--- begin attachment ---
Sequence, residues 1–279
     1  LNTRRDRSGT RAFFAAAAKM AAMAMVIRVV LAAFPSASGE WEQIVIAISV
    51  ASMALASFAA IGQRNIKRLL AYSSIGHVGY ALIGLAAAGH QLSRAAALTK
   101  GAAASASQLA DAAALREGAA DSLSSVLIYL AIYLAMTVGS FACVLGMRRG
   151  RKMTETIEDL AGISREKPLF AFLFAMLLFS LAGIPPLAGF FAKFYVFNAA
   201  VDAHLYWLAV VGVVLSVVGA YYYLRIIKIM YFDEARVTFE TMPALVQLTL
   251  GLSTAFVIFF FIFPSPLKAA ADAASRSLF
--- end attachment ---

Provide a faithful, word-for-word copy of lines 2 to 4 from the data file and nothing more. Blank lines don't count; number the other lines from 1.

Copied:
     1  LNTRRDRSGT RAFFAAAAKM AAMAMVIRVV LAAFPSASGE WEQIVIAISV
    51  ASMALASFAA IGQRNIKRLL AYSSIGHVGY ALIGLAAAGH QLSRAAALTK
   101  GAAASASQLA DAAALREGAA DSLSSVLIYL AIYLAMTVGS FACVLGMRRG